April 8, 2012 by Alex Hoekstra
I love getting mail. Messages take on a whole new dimension when they’re written by hand, carried through physical space non-instantaneously and cost a few cents. I look forward to opening my mailbox, whereas I greet my inbox as a bit of an obligation. Opening a letter, or better yet – a package – is like a little dose of Christmas. Even if your mailbox is sometimes cluttered with bulk mail, magazines, advertisements and bills, the rare occasion when a letter from a friend or a card from grandma makes sorting through the snail mail totally worthwhile (admit it, you grope and weigh anything sent by grandma to determine the likelihood of it containing a check, too). Those occasions, though, really are becoming too rare. Snail mail is not merely at risk of a slow death – it’s undergoing one as we speak. Thousands of post offices are shutting down as fewer and fewer of us take the time and the stamps to communicate by print and post. Today’s project wants us to take a moment and reflect on the decisions we’re making – to reassess the value of a format we might cast off with sentiments of obsolescence.
Post Haste is an exhibition exploring the heart of the US Postal Service as a public and personal service of delivering, well, just about anything. We’re seeing it now in what might its final days – or at least the final days of its present incarnation, and whether something else steps forward to fulfill the duties our postal service carries out, the legacy of the USPS will be preserved through this reflection.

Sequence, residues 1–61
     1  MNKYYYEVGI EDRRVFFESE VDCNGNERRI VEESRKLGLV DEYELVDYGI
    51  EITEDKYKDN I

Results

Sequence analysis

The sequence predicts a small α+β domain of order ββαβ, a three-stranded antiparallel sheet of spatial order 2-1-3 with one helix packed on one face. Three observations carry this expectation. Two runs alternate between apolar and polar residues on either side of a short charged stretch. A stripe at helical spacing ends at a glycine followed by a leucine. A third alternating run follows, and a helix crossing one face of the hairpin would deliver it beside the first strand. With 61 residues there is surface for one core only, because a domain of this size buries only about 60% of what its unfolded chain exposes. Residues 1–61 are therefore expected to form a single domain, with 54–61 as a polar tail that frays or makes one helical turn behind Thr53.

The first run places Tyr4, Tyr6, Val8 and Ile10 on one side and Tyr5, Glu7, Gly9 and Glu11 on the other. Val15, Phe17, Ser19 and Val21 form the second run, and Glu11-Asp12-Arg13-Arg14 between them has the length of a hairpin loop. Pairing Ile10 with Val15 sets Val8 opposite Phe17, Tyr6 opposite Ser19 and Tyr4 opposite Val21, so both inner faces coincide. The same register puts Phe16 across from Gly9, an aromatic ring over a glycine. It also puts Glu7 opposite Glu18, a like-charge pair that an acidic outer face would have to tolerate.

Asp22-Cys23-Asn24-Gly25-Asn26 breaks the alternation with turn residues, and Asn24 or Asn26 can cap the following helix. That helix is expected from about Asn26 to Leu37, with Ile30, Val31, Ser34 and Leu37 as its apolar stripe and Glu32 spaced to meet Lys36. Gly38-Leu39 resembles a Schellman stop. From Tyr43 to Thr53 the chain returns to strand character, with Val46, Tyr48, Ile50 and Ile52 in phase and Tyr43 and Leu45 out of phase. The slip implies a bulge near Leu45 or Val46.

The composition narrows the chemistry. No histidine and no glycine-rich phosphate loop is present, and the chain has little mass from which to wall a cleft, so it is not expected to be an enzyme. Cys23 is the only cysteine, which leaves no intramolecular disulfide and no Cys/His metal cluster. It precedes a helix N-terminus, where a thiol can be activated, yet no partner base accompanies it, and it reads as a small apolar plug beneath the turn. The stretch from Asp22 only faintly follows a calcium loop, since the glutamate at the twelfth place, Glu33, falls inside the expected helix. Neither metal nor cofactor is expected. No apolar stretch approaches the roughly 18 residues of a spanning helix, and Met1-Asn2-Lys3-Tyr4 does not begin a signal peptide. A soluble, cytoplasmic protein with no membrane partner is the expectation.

The U.S. Postal Service has struggled to remain relevant since the advent of digital media. Today, lightning-fast communication has replaced old-fashioned civilities, like physical correspondence and direct human interaction, because they often seem cumbersome and archaic in comparison. Post Haste examines these orphaned systems, like the Post Office, that once relied on actual, genuine human beings who are now being replaced by automated, whizz-bang electronic processes.
Jayna Swartzman is orchestrating the exhibit as more than a eulogy for a withering institution, but also as a showcase for creative examination of what our move away from the written word means for all of us as we communicate with one another. With eight contributing artists and designers, the exhibition will have you thinking about what getting a letter means to you, and whether you’d miss it if it were never to happen again. It might even help you find an excuse to write somebody a letter, even if only to say hello. Buying a roll of stamps will help keep the postal system alive for a few hours longer, but backing Post Hate on Kickstarter might help a thousand others rediscover the value of stamps, envelopes, ink and long-hand composition. The showcase will premier on May 4, but you have until May 2 to help make it happen.